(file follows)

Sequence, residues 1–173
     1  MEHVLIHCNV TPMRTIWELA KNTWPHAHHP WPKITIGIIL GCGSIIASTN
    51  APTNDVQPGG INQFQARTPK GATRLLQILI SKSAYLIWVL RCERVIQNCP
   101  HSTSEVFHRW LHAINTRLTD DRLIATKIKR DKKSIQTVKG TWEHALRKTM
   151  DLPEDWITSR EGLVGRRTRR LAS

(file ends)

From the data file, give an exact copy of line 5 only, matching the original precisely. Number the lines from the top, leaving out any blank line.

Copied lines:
   151  DLPEDWITSR EGLVGRRTRR LAS